Today, Project Connect recommended that East Riverside and Highland advance to the next phase of the Central Corridor study process.
Is this a good recommendation?
It is a B-.
The most important thing is that they advanced multiple corridors instead of just one. This is an important victory for those of us that have been arguing for the top choices. The inclusion of East Riverside was justified by the data, but might have been a political concession to transit activists. I would have preferred that the set include Lamar, both because of the existing ridership, strong overall data, and the existing community support for it. I am open to hearing more about Highland and felt that East Riverside was definitely justified on the data.
A lot of data was put out into the public domain and the Project Connect staff seemed to try and balance the political constraints and previous project baggage with the facts. Blog readers know that I see the staff as reacting to and anticipating political pressure not as the agenda setters.
The recommendation loses points for incomplete documentation, backlog of important questions, and fairly arbitrary indices. That last one is a genuinely worrisome practice as it imbues completely subjective choices with the respectability of actual facts.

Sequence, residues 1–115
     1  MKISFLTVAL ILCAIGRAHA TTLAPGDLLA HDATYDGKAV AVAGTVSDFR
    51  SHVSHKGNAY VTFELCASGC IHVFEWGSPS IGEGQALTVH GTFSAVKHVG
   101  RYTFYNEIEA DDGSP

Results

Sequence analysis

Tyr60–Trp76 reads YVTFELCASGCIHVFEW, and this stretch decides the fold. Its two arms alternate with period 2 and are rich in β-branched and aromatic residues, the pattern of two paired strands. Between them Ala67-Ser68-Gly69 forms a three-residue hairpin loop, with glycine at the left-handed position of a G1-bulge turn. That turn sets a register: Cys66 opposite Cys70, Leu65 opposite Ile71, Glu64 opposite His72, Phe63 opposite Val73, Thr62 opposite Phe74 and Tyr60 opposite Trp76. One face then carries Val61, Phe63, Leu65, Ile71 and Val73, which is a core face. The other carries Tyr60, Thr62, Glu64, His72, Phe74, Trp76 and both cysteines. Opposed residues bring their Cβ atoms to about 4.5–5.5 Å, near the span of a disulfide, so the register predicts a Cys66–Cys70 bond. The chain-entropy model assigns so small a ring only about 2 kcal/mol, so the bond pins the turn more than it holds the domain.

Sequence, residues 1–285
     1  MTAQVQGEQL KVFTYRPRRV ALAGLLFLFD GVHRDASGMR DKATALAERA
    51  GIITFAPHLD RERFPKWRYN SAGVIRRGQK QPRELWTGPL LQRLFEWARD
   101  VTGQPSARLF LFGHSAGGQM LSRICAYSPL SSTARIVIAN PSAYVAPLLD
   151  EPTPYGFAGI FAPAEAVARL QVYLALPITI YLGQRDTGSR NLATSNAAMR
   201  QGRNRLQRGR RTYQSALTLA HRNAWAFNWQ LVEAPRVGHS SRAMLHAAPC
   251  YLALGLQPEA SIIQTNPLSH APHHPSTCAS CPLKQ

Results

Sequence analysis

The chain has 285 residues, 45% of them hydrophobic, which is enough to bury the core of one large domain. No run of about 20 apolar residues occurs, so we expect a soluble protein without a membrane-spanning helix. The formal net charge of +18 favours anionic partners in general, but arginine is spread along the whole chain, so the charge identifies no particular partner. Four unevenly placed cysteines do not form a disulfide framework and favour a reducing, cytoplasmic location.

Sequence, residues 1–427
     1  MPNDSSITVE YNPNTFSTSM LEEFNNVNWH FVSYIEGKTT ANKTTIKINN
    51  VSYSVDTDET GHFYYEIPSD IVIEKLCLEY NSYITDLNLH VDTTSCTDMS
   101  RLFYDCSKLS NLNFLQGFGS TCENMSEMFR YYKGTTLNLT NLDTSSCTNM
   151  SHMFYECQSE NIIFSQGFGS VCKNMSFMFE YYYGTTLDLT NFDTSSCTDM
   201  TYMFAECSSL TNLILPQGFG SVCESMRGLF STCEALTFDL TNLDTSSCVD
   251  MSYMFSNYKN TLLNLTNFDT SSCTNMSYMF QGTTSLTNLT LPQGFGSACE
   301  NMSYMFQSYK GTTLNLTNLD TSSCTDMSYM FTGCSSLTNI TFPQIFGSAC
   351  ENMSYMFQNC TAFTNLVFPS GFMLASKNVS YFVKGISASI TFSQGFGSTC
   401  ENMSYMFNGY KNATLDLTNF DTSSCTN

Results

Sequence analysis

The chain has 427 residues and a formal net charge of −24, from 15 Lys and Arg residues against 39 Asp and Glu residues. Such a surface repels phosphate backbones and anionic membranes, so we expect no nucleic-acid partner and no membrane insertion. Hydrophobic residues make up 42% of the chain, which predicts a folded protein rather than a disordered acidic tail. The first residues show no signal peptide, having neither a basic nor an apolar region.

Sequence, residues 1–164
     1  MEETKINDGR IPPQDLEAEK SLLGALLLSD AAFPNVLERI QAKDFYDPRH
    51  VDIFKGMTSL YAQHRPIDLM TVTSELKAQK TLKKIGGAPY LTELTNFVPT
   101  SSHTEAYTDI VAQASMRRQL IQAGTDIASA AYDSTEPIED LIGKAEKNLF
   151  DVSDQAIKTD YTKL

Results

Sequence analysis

Could it have been better?
There was no real wonky barrier to a better recommendation. The Project Connect staff and all of the major stakeholders understand the policy ramifications and arguments at play.
One real issue was a lack of time due to a rushed process as a result of the November 2014 election target date. But the broader issue is political power. The Mayor has a point of view as do undoubtedly other elected officials that influence Project Connect. The large employers have a point of view and individual preferences. On the other hand the pro-Lamar groups as well as those activists wanting a more fully data-driven process – such as Austinites for Urban Rail Action – could not fully dislodge tired approaches.
The dual recommendation and the inclusion of East Riverside is a victory for those of us that are urbanists, progressive, concerned with actual riders, interested in transit both on planning and economic fairness grounds, or any combination thereof. We are in a better place than we were eight months ago. Eight months from now we can be in an even better place.
To some extent that requires moving away from our recent focus on technical scrutiny and promoting public engagement – which were appropriate for the previous phase of the Project Connect process. Given that our shortcomings were about political clout, it might make sense to consider how we change that directly. And since Council will ultimately be choosing the locally-preferred alternative, an efficient path for future action is fairly clear.